The Horse That Threw You.

I watched it carefully, making no sudden movements so as to avoid spooking it. This wasn't out of fear, but rather caution. Caution borne out of our last interaction, which didn't end up so well for me. I wanted things to go better this time around. I wanted us to be friends. This part of the ritual was delicate, where trust and faith and all of those sorts of things combine to make magical things happen. When the belief is gone, the magic goes with it. I wanted to believe again. I needed to believe again.

Since our falling out was my fault, I tried to make amends. I replaced the front derailleur and wrapped the bars with new tape, as I had shredded the old tape on the pavement. I wiped down the tubes as best as I could, and tried to double-check all of the alignments and adjustments. If I saw something that wasn't quite right in my eyes, I fixed it. Things I would have let slide before were corrected on the spot, lest they ruin the moment. I noted a small dent in the downtube, which wasn't a result of the wreck but a gift from my friends at the TSA. I re-checked everything I could think of, trying to make sure I didn't miss any more presents from that fine, bike-loving organization.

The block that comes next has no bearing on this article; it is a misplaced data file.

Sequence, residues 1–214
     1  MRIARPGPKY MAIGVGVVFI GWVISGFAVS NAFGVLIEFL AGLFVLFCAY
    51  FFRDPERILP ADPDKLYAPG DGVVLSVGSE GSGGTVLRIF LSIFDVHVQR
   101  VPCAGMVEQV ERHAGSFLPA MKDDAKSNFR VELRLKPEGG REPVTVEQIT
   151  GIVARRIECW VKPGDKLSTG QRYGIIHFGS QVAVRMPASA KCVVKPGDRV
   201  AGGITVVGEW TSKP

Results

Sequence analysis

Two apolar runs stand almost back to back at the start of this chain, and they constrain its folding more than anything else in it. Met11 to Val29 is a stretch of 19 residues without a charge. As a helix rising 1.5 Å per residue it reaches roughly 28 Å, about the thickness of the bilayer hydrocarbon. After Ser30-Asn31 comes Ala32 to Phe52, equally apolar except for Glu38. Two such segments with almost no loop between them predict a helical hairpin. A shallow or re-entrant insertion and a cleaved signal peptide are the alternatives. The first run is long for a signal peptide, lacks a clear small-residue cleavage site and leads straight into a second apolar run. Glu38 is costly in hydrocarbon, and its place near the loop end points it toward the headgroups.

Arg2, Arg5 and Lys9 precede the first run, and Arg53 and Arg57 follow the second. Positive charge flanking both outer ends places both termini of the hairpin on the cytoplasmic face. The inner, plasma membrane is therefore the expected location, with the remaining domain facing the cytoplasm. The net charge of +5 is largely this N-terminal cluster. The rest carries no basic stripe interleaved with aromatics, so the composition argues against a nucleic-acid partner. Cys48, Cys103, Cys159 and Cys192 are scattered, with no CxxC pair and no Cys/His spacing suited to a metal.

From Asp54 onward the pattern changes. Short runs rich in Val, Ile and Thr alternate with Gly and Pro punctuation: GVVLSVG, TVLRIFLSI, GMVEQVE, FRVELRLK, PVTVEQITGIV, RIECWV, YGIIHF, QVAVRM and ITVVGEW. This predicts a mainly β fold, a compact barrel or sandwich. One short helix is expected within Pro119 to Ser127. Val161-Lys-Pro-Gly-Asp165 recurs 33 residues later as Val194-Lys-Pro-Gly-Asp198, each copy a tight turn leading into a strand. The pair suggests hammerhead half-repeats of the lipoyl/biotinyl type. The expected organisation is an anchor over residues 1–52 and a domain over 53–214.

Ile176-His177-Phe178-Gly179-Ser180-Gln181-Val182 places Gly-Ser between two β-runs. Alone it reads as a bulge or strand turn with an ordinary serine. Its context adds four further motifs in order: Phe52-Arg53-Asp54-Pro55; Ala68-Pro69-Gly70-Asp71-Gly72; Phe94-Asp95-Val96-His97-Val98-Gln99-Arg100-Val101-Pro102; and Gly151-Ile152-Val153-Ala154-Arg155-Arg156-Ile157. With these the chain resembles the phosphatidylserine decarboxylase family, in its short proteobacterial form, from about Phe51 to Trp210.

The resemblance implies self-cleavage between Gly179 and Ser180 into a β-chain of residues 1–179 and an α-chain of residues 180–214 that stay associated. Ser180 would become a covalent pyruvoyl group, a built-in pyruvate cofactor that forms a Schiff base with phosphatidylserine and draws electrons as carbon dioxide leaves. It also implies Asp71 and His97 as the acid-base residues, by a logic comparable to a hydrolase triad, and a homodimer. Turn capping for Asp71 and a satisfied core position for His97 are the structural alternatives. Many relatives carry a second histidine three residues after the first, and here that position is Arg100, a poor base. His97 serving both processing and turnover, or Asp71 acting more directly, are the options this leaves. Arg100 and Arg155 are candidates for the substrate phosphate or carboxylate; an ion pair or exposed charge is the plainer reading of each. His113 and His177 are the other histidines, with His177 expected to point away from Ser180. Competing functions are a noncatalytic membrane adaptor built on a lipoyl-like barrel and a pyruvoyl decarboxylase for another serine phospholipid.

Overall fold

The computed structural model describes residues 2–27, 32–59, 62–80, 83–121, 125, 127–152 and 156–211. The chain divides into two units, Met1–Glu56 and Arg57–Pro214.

After work I pulled the Storck off of the roof rack, careful not to aggravate my collar bone. I did anyway. Soon enough the bike was on the ground, the front tire in the fork, the skewers tightened. I took a deep breath and threw my leg over the saddle, taking some time to fiddle with my Garmin as I contemplated what was in front of me.

The doctor gave me the OK to ride outside again, as long as I promised not to fall down before the clavicle healed. I made no such promise, because that would have been tempting fate. I think he understood. You don't focus on what you're not trying to hit, so I'm not focusing on the ground. As long as I stay up here and it stays down there, we're good.
The roads were wet from the day's sporadic showers, but it wasn't actively raining. I had slapped on fenders to keep the bike more or less clean, and shoe covers to do the same for my shoes. I was going to get wet, but I was trying to manage the amount of post-ride cleaning I was going to have to do.
I clipped in my right foot, back-pedaled to the top of the stroke, pushed off, and fumbled a little to get the other foot clipped in. Funny how rusty you get in a short time. A few pedal strokes in, and there it was.


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